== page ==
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CIO Leadership Series: Tim Schaefer, Northwestern Mutual

It's all about relationships for Tim Schaefer. As CIO for Northwestern Mutual in Milwaukee, he leads 1,300 employees and 1,000 contractors and is advancing the strategy of a firm for which relationships among customers, representatives and executives drive the business forward.

His IT priorities are varied, including helping the organization remain customer-centric; integrating product lines that have emerged as the firm has built a full set of offerings in financial security, including investment; looking at newer technologies such as social networking; and making better use of analytics.

Executive relationships

"We are a relationship-based company," Schaefer said. That applies to how it works with customers, how it works with agents, and how the executive team works to set direction.

One way Northwestern is building internal collaboration is through business relationship advocates, which in the last year have taken on more formal roles based on informal practices that have been taking place for a long time.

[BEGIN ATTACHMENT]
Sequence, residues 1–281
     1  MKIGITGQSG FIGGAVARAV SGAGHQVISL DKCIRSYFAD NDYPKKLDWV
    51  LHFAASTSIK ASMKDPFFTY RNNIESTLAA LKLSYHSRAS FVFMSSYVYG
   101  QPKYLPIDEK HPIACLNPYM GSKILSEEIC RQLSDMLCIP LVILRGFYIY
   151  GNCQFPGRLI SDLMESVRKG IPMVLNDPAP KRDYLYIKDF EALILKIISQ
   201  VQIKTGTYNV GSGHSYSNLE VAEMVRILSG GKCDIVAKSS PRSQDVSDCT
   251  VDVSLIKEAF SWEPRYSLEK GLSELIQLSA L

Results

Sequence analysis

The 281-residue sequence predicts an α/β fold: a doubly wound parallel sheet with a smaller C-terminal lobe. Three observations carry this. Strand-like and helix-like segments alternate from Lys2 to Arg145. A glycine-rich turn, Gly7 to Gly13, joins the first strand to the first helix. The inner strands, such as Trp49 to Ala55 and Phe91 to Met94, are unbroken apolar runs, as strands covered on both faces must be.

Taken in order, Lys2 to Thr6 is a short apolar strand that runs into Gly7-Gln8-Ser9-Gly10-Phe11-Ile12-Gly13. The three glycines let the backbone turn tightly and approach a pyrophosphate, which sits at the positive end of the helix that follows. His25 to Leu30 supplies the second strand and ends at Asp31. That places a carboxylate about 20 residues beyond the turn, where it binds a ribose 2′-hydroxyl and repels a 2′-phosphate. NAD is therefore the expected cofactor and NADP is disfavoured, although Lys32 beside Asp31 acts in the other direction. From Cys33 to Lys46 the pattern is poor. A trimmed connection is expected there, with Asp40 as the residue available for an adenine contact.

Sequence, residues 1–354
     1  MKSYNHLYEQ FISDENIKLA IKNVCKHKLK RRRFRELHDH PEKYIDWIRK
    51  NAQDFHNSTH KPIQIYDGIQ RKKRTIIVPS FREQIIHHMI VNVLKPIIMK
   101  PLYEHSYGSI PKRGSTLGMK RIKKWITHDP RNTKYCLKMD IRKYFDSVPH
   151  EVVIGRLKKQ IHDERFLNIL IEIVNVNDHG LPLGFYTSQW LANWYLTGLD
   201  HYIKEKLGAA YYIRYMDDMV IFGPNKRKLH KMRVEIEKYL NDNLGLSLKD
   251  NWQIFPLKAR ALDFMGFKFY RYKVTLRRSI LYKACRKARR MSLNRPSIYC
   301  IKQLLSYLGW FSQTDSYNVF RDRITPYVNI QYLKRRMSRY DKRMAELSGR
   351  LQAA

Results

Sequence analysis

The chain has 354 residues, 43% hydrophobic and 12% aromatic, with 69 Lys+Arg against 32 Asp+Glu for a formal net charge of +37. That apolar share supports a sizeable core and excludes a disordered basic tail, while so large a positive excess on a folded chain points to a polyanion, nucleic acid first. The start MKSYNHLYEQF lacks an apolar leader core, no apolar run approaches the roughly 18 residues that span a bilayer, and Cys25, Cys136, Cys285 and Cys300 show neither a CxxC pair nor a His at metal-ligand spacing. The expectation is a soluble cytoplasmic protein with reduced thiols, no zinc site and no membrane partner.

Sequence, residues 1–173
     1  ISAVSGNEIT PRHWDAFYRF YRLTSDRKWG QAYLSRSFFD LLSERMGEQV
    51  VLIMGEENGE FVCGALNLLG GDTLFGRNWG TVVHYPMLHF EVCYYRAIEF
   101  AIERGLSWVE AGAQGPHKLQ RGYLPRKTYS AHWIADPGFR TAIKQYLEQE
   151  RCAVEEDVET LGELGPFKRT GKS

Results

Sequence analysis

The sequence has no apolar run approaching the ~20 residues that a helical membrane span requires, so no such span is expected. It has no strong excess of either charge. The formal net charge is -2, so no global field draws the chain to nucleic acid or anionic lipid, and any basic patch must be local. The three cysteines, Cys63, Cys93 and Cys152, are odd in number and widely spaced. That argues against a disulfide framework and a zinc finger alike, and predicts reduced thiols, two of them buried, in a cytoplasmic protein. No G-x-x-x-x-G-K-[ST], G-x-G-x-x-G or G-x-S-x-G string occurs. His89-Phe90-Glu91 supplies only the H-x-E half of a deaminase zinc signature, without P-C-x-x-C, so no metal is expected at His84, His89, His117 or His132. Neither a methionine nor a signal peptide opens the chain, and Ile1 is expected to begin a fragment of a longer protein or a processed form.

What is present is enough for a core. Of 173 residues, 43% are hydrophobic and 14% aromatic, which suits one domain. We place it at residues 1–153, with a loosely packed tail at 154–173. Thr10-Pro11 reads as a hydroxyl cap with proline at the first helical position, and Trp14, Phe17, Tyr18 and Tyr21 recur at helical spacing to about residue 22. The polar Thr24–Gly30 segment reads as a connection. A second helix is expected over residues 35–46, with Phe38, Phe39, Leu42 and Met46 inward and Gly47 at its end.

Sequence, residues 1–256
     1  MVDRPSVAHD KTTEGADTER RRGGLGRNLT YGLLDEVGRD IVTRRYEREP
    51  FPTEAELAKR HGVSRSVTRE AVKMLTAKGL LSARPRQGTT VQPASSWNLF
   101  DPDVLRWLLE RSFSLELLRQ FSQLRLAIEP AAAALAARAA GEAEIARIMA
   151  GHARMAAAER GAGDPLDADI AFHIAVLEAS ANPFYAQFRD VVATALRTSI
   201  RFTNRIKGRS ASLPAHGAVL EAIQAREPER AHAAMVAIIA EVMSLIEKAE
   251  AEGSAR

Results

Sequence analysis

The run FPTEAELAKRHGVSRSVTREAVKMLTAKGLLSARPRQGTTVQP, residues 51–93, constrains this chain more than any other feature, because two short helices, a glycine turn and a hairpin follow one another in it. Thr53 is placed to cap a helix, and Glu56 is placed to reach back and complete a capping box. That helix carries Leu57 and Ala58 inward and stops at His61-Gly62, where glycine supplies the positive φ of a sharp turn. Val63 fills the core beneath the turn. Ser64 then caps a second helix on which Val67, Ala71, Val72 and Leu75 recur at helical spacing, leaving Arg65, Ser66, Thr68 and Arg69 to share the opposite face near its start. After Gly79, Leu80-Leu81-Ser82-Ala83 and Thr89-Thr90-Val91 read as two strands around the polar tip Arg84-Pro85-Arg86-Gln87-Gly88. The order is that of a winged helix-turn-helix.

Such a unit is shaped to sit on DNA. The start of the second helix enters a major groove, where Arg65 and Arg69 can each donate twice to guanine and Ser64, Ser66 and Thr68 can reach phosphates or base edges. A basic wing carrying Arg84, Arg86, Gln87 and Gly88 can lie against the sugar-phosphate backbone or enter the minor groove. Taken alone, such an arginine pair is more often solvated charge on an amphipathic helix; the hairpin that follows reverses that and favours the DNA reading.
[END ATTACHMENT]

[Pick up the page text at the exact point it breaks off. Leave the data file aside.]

These advocates are director-level people who maintain strong relationships with business units they work with, or develop information systems for. Northwestern has now created more formal processes for them, including a calendar for standard meetings, common sets of information to share on IS performance, and ways to listen for needs and communicate back.

A meeting might include discussion of IT's performance based on its service level agreements (SLAs), performance on projects, and hot topics that have come up recently. The target is to talk with the heads of business units and their key liaisons. "This is higher-level information," Schaefer said.

It's all part of bridging the gap in an organization where IT and business roles, as in many organizations, need to work together closely. Schaefer recalls a recent project related to paperless underwriting of life and disability insurance: There was initial discomfort because of reporting arrangements that were intermixed between business and IT roles. By the end, though, "you couldn't find a boundary any longer," he said. "There was no longer this divide between, well, this is the business side and this is the IT side. It was one single team focused on an outcome."

Meanwhile, CEO Ed Zore is on board with using IT to advance Northwestern's capabilities. "He's been very supportive of driving forward our investment in technology, and under his leadership we have seen a real increase in the investment in technology in our organization," Schaefer said.